22

I drafted something in a Word document and then made some changes before emailing it. Can the person receiving the document see or roll back to previous edits?

If they can, how can I prevent that?

  • 1
    To prevent them from changing the document, you can send it as something other than a word doc, typically a pdf. Or, you can get rid of tracked changes, save it, and send it with a checksum -- they can edit the file, but then it won't match the checksum. – mpez0 Jun 19 at 21:18
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    Note: in really old versions of Word (think Word 97-2003) they could. This was a real security problem. – user253751 Jun 19 at 22:49
  • @user253751 sounds cool, could you make that an answer with a bit more information? Perhaps not entirely useful to the OP, but certainly good for completeness. – Saaru Lindestøkke Jun 19 at 23:02
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    Don't forget Previous Versions. That's likely enabled if the file is stored on a network share. – InterLinked Jun 20 at 12:37
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    @SaaruLindestøkke Long story short, .doc files have a tiny filesystem inside them and appending to it was noticeability faster on old hardware than rewriting, so changes were only appended most of the time to improve user experience. Only every few saves Word actually rewritten entire file. I think they disabled it in 2003 and a patch was released for 2000. – gronostaj Jun 21 at 19:21
31

It's not as straightforward as the initial revision of the answer of Guest suggests.

Can others see my edits?

I think there are a couple cases with Word files (tl;dr conclusion in parenthesis):

  1. Track changes disabled (✔: nobody can see your edit history)
  2. Track changes enabled (❗ people might see your edit history)
  3. Hosted online in Google Docs, OneDrive, Sharepoint, the cloud (❗ people might see your edit history)

Track changes disabled

Track changes allows you to make changes, while the old text remains available. You can check in the Review panel if Track Changes is on or off (here it's off):

enter image description here

In this case you can safely edit the document, save it, and send it as an attachment without anyone finding out what you've changed.

Track changes enabled

If track changes is enabled, people can see what you've changed. Here it's enabled: enter image description here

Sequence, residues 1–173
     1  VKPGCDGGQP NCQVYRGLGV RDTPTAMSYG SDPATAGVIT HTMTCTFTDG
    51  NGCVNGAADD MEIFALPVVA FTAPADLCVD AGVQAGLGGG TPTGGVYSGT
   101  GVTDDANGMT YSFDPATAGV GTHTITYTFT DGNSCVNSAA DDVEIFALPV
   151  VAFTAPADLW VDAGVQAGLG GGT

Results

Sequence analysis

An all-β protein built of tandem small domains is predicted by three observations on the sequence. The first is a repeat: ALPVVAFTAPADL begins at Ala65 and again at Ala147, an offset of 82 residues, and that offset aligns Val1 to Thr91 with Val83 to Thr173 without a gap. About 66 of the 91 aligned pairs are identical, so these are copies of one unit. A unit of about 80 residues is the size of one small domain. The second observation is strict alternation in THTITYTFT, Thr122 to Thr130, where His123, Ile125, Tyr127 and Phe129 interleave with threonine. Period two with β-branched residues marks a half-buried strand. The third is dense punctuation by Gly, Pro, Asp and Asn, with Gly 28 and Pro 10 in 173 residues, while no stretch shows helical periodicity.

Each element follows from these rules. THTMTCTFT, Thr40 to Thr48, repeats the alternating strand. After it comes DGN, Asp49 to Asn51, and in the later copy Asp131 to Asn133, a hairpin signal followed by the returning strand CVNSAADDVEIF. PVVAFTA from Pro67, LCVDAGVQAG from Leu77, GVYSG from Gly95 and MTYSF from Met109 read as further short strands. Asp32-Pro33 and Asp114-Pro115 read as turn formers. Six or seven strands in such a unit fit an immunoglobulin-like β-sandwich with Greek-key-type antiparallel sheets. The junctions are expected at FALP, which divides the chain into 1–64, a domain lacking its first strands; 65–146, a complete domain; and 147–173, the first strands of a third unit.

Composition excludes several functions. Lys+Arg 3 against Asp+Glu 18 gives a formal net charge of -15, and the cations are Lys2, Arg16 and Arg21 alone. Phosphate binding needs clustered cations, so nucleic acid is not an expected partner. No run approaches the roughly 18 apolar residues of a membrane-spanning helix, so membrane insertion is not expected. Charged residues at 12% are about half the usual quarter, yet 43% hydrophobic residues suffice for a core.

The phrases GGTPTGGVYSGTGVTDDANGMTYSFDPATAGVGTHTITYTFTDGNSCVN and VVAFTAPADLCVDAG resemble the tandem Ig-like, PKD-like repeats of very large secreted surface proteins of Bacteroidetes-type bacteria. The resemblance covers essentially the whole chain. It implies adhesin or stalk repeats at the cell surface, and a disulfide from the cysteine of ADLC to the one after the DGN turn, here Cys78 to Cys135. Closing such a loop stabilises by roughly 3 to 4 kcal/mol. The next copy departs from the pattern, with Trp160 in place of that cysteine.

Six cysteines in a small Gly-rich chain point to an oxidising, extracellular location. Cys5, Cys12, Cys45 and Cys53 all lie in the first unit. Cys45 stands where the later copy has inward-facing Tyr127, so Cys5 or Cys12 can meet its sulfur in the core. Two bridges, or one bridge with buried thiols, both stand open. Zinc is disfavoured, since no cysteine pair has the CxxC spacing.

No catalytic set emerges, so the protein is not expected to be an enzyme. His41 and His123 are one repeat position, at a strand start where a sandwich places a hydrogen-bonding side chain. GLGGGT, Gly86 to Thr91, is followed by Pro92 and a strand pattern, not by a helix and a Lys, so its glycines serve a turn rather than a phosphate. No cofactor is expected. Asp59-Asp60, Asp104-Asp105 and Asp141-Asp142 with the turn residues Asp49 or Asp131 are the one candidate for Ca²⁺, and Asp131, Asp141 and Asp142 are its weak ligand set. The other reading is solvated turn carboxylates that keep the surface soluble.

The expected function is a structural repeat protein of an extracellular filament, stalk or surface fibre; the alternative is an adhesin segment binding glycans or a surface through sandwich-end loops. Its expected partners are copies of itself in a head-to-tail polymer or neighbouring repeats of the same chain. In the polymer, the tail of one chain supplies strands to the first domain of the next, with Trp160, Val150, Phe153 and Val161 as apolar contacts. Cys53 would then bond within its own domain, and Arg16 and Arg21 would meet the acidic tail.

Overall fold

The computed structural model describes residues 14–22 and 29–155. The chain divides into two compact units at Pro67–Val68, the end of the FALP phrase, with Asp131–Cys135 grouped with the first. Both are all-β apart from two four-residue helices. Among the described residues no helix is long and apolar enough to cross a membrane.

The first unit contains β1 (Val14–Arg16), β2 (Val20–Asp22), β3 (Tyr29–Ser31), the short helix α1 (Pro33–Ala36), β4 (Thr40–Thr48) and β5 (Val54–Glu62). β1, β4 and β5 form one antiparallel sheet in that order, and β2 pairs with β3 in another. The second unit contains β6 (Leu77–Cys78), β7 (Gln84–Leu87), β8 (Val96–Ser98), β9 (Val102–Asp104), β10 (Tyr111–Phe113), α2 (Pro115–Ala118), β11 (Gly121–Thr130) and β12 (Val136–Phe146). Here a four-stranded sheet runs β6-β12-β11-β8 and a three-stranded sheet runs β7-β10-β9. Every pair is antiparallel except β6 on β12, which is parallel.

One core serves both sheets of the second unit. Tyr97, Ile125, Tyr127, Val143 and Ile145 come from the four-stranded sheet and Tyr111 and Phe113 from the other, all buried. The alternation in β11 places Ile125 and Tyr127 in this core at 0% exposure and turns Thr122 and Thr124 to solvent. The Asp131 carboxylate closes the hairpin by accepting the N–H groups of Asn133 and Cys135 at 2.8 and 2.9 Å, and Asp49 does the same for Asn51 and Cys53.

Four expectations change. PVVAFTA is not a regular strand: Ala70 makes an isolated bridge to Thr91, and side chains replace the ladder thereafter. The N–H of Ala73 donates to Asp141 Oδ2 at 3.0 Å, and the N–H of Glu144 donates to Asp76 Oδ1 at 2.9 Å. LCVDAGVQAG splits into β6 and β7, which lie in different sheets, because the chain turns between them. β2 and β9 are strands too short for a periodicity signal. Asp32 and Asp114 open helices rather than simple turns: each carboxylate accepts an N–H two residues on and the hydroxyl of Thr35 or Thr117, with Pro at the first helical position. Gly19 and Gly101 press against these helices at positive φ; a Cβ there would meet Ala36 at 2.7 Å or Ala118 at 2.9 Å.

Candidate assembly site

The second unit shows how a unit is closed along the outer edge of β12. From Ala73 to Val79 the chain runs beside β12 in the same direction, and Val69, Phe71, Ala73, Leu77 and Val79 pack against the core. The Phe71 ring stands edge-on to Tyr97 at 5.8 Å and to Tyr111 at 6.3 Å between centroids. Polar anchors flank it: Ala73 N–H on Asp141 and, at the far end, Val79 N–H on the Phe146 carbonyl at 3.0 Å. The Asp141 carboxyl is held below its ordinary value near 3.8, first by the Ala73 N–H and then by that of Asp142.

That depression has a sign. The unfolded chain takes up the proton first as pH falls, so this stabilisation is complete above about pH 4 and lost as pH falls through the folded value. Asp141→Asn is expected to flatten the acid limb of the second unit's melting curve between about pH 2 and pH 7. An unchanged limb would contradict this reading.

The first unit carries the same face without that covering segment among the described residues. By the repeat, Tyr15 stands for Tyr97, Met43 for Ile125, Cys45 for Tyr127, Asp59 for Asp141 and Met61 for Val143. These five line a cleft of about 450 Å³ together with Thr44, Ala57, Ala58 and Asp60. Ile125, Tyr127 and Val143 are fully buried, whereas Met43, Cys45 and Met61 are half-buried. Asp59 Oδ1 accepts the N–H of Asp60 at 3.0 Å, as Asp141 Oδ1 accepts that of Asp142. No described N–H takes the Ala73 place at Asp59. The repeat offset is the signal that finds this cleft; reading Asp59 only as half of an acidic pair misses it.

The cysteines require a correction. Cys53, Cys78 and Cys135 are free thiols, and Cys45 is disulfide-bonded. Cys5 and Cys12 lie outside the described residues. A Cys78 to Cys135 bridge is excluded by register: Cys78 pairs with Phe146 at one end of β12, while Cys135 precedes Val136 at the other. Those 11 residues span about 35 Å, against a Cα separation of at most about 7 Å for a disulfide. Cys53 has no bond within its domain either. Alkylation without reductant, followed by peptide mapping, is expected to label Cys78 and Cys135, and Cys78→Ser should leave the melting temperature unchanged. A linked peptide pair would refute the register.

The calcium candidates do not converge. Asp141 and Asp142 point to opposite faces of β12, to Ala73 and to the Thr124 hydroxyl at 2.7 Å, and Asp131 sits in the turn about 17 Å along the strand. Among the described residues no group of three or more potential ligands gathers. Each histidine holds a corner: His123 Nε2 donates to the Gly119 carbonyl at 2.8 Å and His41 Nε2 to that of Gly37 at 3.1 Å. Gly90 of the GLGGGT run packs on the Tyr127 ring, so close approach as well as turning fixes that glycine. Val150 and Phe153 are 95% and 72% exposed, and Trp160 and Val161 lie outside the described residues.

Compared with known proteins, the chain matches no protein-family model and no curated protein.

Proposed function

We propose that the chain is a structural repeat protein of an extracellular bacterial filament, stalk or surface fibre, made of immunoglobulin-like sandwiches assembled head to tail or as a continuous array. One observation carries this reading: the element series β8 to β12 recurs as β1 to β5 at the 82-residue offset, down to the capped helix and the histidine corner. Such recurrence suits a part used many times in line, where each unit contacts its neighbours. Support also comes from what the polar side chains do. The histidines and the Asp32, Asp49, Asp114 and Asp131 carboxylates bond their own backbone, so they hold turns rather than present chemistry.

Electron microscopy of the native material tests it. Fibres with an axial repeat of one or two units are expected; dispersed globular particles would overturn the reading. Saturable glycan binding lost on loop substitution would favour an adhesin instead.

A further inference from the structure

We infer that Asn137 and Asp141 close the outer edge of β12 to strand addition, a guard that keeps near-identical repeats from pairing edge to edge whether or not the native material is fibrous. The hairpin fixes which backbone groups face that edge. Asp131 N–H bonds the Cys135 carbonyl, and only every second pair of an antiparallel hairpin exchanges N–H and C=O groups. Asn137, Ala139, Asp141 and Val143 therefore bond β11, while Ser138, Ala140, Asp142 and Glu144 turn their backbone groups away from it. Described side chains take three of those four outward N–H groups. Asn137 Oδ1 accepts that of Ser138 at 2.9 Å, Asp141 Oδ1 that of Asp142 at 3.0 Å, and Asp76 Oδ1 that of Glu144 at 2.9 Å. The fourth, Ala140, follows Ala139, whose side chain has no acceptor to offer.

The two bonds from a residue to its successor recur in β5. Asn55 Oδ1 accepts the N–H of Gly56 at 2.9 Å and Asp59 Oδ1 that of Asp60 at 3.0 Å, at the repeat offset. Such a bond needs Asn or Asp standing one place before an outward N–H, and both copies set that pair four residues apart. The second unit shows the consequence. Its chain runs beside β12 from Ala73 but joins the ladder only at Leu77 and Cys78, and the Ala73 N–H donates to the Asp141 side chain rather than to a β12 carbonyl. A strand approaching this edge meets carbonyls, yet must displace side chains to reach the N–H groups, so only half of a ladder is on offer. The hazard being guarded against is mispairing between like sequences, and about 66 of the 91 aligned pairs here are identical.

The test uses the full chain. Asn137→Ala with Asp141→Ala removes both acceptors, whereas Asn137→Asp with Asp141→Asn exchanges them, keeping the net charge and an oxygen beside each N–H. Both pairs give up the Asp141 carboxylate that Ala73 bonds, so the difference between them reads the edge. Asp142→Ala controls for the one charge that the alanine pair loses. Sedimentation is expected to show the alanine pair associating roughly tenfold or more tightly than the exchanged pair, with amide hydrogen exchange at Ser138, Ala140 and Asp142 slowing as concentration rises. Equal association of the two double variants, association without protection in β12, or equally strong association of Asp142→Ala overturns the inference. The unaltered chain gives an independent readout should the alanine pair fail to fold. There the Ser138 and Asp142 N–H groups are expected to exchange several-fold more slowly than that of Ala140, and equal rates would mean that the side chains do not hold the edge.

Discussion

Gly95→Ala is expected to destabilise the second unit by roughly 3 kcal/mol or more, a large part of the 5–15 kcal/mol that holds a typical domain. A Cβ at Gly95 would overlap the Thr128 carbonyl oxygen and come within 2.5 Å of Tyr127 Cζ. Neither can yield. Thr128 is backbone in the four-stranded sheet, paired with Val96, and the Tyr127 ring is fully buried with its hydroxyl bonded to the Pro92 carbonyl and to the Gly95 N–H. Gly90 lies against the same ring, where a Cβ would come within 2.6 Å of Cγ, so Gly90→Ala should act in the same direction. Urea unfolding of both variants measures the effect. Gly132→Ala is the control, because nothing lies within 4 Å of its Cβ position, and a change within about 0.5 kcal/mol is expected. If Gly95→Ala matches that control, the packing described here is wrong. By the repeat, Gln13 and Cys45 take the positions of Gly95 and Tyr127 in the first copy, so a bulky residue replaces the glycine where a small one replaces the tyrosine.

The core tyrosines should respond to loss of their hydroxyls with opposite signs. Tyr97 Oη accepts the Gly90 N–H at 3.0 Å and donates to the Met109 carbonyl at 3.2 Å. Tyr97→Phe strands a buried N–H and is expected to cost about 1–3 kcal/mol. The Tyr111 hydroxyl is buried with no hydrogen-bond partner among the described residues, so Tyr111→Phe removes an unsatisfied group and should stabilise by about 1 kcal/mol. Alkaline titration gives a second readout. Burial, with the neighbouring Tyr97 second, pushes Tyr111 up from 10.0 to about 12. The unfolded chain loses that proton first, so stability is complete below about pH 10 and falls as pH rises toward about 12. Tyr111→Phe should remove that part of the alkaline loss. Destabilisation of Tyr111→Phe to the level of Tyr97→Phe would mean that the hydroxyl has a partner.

In case it's enabled and my original text looks like this:

enter image description here

I can make changes, and then it looks like this if I enable All Markup in the tracking settings: enter image description here

However, if I set it to No Markup it looks as if the old text is not there anymore: enter image description here

Yet it is! If you would send a Word document by e-mail while you've made changes with Track Changes enabled, someone could easily find what changes you've made.

And you wouldn't be the first to fall for it. Here's a list of large serious organizations that made the same mistake, disclosing draft versions of their document unintentionally.

Hosted online in Google Docs, OneDrive, Sharepoint, the cloud ☁

There's no uniform answer for all the different cloud providers, but often they keep a history of your file for 30-90 days. If you send your document as a link to the document hosted online instead as an attachment it could very well be that the receiver can see the full history.

How do I make sure others cannot see my changes?

Several options, but it depends on what your requirements are. Below a few suggestions.

  • If formatting is of no concern you can copy-paste the text into a plain text file, the e-mail itself or a new document
  • If track changes was on, accept all changes, turn off track changes and save your file.
  • You can also print to PDF, after you accepted all changes (or selected No Markup in the tracking menu)
| improve this answer | |
  • Normally at default track changes is disabled so anyone who dont want to save tracks of edit would not turn that feature at all so I did not mention that straightforward solution before – EliteX Jun 21 at 9:41